Waaberi

Maryam Mursal, with her stunning voice, is the female star of Waaberi. More than any other Somali artist she is capable of blending musical influences and was the first woman to play Somali jazz.

Waaberi, was a 300-strong troupe of singers, dancers, musicians and actors attached to the Somalian National Theatre. “It split up when the civil war happened and we were all scattered,” Mursal says.” Some died but most went into exile. They are all around the world, wherever they could find asylum. We keep in touch and we try to help each other.”

Before her extraordinary voice could be heard in the west, Maryam was forced to spend seven months walking across the Horn of Africa with her five children as she fled the civil war in her native Somalia.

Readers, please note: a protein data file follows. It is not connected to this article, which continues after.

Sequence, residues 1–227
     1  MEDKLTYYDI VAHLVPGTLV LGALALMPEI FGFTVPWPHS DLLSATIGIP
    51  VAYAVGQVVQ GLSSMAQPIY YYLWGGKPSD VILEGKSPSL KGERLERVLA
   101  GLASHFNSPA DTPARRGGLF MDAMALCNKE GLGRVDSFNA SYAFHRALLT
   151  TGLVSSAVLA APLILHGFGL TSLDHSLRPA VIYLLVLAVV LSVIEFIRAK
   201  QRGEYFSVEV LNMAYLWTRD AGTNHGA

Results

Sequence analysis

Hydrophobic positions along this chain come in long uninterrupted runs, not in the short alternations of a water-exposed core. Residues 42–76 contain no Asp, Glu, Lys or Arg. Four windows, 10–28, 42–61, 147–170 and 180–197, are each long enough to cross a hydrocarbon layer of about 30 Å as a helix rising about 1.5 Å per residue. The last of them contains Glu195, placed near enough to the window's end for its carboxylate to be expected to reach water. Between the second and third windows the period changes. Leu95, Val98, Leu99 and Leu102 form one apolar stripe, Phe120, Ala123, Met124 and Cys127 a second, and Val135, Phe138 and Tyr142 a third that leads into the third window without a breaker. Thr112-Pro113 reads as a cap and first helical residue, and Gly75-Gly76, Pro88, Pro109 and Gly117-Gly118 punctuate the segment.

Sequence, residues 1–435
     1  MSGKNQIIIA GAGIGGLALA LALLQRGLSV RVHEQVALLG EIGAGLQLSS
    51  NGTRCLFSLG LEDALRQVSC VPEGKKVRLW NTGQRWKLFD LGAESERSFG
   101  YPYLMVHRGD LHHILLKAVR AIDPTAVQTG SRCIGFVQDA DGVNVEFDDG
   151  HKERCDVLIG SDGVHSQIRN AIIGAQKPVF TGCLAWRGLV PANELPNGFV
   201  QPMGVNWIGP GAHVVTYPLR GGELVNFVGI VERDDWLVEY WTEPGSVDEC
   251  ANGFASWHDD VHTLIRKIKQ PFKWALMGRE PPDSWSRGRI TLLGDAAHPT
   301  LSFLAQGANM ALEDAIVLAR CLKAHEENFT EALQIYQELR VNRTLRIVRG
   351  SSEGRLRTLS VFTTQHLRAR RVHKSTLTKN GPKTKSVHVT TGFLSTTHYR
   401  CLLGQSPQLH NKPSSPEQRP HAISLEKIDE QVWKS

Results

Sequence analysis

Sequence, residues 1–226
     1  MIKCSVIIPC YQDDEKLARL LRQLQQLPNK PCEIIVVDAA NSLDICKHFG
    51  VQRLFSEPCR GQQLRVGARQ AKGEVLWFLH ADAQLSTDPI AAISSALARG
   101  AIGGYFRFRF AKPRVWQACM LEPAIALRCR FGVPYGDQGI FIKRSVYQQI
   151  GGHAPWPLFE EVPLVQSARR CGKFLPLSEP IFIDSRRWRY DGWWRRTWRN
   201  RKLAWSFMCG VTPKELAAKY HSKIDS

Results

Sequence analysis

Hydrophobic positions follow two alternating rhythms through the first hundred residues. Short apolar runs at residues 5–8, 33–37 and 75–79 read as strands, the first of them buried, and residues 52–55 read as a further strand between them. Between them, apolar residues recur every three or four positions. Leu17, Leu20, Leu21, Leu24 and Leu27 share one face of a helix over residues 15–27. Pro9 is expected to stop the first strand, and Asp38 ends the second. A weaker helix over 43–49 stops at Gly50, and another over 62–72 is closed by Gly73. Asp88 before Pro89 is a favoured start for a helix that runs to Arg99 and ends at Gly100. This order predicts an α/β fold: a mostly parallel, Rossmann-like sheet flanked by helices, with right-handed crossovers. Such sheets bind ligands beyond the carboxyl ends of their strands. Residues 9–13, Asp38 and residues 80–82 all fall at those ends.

She and her young family hitched rides on trucks and rode on donkeys but mostly they walked, through the desert and over mountains – out of Mogadishu, the Somalian capital, across Kenya, through Ethiopia, recrossing part of Somalia again and eventually arriving in Djibouti where she was given asylum by the Danish embassy.

The album New Dawn was recorded with members of Waaberi who then resided in London and was released in 1997.

Further reading

Announcing M’berra: the forthcoming album by Khalab & M’berra Ensemble

M'berra is out on Real World Records on 23 April 2021.

Bokanté feature as part of GroundUP Music’s Tiny Desk (Home) Concert

A three-act 18 person episode convened (virtually) by Snarky Puppy's Michael League.

Track of the day: ‘Oppenheimer’ by Loney dear

Loney dear's latest single was inspired by the American theoretical physicist, J.R. Oppenheimer.

Nayda! Track by Track

Bab L' Bluz frontwoman Yousra Mansour talks us through their debut album.